Ms Martin said that supply had already been used up and the 46 per cent of beekeepers who were too proud to put their hands up for help had missed out. Of the 79,000 commercial hives in Queensland — 45,000 of them were used for crop pollination — with seedless watermelon, strawberries, almonds and macadamias across Australia all dependent on bees. Ms Martin said while at last estimate the state's honey production was valued at $64 million at the farm gate, $2.4 billion worth of Queensland crops relied on bees for pollination. "Without some really important lifeblood income support back to our hardworking beekeeping operations the future of pollination services in Queensland could be in jeopardy." Queensland Agricultural Industry Development and Fisheries Minister Mark Furner said the Government's support for the industry was unprecedented and he would continue to work with beekeepers as they combat drought. A Department of Environment and Science spokesperson said the Queensland Government "knows the importance of national parks to the commercial beekeeping industry and was investigating the potential continuation of beekeepers' access to existing sites on national park land after 2024".

The duchess said: "Today, on World Bee Day, it is a huge pleasure to speak to you as the first president of Bees for Development. "As we all know, bees are vital to the natural world and an essential part of our fragile ecology." READ MORE: Kate Middleton pays tribute to Princess Diana in unusual way during video message She described via video message how bees were "vital to the natural world", but can also be used to help provide a much-needed income for people living in some of the poorest countries. "Every year the honey from my hives is harvested and sold for charity, and I am delighted that this year's honey crop will help Bees for Development continue their very important work. The Duchess of Cornwall has celebrated World Bee Day by becoming president of the charity Bees for Development which promotes beekeeping as a way to combat poverty. Camilla, who is a keen beekeeper and has a series of hives in her garden in Wiltshire, said funds raised from the sale of her honey crop this year would go to the organisation.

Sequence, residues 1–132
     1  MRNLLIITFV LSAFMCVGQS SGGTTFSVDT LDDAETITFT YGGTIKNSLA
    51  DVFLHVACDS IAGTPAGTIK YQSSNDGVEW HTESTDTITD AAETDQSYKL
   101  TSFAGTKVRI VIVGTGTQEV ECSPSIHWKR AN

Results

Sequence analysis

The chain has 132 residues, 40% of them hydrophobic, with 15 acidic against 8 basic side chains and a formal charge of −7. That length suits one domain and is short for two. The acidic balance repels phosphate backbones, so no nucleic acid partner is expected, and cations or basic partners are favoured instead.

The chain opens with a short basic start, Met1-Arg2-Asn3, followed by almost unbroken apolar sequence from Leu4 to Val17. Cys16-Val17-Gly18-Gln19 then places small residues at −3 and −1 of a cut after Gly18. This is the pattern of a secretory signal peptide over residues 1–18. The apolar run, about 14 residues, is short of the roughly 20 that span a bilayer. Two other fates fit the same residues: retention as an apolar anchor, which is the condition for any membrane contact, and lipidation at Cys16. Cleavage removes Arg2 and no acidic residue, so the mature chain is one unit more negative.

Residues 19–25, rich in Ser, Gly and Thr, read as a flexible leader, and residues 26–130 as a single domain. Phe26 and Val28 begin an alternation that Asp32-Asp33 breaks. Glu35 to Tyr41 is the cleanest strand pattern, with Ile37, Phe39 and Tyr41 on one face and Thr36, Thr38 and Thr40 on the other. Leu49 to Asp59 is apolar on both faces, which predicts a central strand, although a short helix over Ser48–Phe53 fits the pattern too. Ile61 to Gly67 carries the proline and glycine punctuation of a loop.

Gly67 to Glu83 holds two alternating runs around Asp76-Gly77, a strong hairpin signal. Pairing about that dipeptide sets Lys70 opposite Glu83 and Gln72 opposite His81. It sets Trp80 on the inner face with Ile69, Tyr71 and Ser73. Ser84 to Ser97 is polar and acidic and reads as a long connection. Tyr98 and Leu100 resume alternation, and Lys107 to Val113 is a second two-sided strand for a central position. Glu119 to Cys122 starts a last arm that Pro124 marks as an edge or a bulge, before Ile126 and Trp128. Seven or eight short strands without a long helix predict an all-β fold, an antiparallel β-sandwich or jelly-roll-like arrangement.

In a video message, she described how bees were "vital to the natural world", but could also be used to help provide a much-needed income for people living in some of the poorest countries. The duchess, wishing people a "very Happy World Bee Day", said: "Today, on World Bee Day, it is a huge pleasure to speak to you as the first president of Bees for Development. The Duchess of Cornwall trying some Indian honey at the Bees for Development Garden Party in 2019 (Matt Dunham/PA) "This in turn provides a much-needed income to people living in some of the poorest and most isolated communities in the world. "Every year the honey from my hives is harvested and sold for charity, and I am delighted that this year's honey crop will help Bees for Development continue their very important work. The average person is aware that vegans don't consume any product with animal meat, dairy or eggs, though when it comes to the sweet, viscous byproduct of bees – aka honey – many are left puzzled. When honey bees fly back to the hive, they begin to secrete enzymes that help to change the acidity and composition of the nectar to make it suitable to keep a long time. It has been well documented that raising bees for honey, especially for commercial purposes, uses techniques that are considered exploitative in different ways. Commercial honey producers usually artificially inseminate the queen bee, and forcibly remove her wings to prevent her from leaving the hive and colonising another one. Some commercial beekeepers kill the entire hive after the end of every pollinating season so they can cut costs by not needing to look after an existing colony, and simply start again with a new bee colony when the season begins again. Even when beekeepers do not intentionally hurt the hive, many bees are accidentally injured, crushed or killed in the process of honey harvesting. Aside from the detrimental impact that industrial honey farms have on the lives of bees themselves, the process is one that damages the environment and its natural ecosystem. Commercially produced honey products travel long distances across the world to be imported from one country to another. Luckily, we have many vegan-friendly honey substitutes that are made without the involvement of bees or any other animals. Bees are valuable to humans – they support our global food chain because they help pollinate up to 70% of wild flowers and food crops. Camilla has been named the first-ever President of Bees for Development (which we should refer to as "President of Bees" for short), and is using the holiday to send an important message about the importance of both bees themselves and Bees for Development—a charity that provides free beekeeping information and support to individuals in more than 130 countries. Today, on World Bee Day, it is a huge pleasure to speak to you as the first President of Bees for Development. This in turn provides a much-needed income to people living in some of the poorest and most isolated communities in the world. And it means that there are healthy hives of bees working to pollinate crops. Every year the honey from my hives is harvested and sold for charity, and I am delighted that this year's honey crop will help Bees for Development continue their very important work.